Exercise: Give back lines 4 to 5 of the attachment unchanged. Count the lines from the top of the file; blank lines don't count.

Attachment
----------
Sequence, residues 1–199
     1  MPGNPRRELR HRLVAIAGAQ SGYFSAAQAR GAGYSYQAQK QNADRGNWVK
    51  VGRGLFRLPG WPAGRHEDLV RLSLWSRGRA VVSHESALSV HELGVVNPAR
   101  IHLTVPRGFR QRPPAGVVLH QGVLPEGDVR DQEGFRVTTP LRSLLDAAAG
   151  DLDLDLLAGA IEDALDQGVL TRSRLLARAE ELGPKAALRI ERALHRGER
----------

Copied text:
   101  IHLTVPRGFR QRPPAGVVLH QGVLPEGDVR DQEGFRVTTP LRSLLDAAAG
   151  DLDLDLLAGA IEDALDQGVL TRSRLLARAE ELGPKAALRI ERALHRGER